Ludovico Einaudi, Bridgewater Hall, Manchester

WALKING on to a dimly lit stage and taking his seat at the piano facing away from the 2,400-strong audience, it was clear that Ludovico Einaudi wanted his music to do the talking at Bridgewater Hall.

The Italian composer has become one of the most successful musicians of the classical world and is often mentioned in the same breath as other renowned composers from centuries ago like Beethoven, Mozart and Bach.

But this was a night of contrasts and contradictions at the Manchester venue because at times an evening with Einaudi does not feel like a classical concert at all.

The 60-year-old's music has been described as ambient and contemporary and the composer is influenced by the whole musical spectrum.

He once said: "There is something in it that comes from classical, but I have influences from different music I have experienced in my life, from African music to folk and rock."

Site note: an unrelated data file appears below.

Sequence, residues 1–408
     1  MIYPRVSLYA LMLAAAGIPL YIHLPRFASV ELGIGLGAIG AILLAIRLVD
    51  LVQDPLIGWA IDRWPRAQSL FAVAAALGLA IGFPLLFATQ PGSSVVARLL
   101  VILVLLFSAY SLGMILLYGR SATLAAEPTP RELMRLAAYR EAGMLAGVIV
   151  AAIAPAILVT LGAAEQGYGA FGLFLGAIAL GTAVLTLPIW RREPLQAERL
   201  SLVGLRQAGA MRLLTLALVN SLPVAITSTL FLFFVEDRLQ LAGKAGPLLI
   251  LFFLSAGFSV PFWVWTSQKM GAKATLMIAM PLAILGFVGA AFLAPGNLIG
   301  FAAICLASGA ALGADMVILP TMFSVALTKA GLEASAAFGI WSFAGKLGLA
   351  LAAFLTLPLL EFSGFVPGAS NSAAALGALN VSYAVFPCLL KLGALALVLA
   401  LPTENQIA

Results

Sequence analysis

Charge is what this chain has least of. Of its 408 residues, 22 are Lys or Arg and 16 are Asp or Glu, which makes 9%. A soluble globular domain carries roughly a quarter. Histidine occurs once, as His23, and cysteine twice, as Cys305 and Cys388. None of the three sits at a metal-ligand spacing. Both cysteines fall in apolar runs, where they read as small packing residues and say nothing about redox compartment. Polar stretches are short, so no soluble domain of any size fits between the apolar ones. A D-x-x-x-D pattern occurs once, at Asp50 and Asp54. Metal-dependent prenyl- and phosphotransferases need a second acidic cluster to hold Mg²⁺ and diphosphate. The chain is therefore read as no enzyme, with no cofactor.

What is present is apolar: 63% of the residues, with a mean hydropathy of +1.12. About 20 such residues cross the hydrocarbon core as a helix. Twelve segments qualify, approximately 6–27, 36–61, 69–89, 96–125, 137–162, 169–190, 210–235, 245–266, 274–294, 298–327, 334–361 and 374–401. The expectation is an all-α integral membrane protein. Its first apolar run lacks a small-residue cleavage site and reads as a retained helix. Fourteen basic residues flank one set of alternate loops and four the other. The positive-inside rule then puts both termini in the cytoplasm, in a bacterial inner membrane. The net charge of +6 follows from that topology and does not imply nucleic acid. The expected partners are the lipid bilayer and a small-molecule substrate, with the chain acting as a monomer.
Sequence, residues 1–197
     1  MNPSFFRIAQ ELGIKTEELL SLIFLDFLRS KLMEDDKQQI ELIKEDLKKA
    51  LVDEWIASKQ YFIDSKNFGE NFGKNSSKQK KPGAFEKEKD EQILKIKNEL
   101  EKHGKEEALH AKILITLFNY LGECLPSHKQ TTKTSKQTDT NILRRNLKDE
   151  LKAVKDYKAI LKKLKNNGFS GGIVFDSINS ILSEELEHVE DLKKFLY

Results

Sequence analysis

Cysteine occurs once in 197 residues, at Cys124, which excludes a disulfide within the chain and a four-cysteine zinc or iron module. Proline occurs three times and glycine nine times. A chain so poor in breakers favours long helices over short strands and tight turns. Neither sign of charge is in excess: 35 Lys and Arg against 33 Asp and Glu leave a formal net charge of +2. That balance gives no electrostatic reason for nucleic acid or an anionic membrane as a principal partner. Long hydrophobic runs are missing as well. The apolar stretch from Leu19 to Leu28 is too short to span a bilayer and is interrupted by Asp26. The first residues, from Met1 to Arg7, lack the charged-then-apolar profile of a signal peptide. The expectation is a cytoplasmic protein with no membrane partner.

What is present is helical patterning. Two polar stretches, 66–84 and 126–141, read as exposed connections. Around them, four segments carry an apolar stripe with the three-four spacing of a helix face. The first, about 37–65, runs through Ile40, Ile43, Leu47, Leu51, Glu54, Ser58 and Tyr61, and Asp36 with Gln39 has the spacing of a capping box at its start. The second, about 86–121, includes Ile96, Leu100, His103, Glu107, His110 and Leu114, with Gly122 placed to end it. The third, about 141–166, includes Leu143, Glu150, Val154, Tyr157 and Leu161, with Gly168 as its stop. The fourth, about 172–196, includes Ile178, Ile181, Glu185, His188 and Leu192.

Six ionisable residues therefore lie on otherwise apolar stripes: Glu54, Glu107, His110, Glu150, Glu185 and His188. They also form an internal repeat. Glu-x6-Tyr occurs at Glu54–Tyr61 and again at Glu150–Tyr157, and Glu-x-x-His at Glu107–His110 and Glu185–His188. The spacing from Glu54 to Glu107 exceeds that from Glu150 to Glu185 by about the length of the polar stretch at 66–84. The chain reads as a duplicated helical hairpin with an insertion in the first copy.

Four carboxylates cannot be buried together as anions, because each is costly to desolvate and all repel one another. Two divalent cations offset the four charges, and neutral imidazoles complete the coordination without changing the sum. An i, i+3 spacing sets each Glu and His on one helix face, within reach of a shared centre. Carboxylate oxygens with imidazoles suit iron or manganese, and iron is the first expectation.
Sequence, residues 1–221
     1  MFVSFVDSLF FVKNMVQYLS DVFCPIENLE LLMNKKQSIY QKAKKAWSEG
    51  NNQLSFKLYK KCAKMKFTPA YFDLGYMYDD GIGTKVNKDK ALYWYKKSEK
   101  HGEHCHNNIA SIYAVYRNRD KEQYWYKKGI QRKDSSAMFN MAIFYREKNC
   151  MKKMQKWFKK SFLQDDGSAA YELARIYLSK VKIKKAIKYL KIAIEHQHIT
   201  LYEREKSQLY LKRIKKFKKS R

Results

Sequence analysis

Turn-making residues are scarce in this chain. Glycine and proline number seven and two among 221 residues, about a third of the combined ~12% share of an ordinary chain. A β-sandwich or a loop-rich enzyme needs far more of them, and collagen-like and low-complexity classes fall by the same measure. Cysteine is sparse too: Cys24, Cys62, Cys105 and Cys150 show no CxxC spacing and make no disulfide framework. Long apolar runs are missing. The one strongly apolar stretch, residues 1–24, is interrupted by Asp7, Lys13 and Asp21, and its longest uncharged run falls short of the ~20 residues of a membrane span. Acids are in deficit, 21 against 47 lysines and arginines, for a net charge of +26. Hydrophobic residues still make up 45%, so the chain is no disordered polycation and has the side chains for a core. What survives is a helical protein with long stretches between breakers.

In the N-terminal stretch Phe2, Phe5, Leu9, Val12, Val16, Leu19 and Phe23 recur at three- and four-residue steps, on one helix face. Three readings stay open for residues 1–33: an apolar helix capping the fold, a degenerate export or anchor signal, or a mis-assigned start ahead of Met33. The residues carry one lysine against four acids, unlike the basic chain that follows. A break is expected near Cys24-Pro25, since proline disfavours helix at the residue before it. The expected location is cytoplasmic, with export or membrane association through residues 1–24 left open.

There were moments during the two-hour concert that felt like they would be right at home at a prog rock gig.

Some of the songs on Einaudi's acclaimed new album, Elements, were also reminiscent of the Icelandic ambient rockers Sigur Ros. Some were calming, while others were deliberately jagged and intense.

The evening saw the composer perform his most successful pieces as well as many songs from Elements, arguably one of the most contemporary classical albums out there.

But many people have been introduced to Einaudi over the last few years thanks to Shane Meadows' This Is England series.

He was nominated for a BAFTA for his moving score which really lifted the emotional scenes in the drama.

Einaudi's music has also appeared in Ricky Gervais's Derek, Clint Eastwood's J.Edgar and Darren Aronofosky's Black Swan.

His music for TV and film tends to be haunting and evocative and this translated really well live on stage.

There were plenty of spine-tingling moments while at times I could not resist closing my eyes to experience the music more purely without distraction.

Credit must also go to the five excellent multi-instrumentalists who swapped between a big variety of instruments after each song and reacted to the demanding role with skill and grace.

The concert ended with a standing ovation and one of the biggest rounds of applause I have ever heard.

It was incredible to be a part of it and see and hear the man who has brought classical music to a new generation.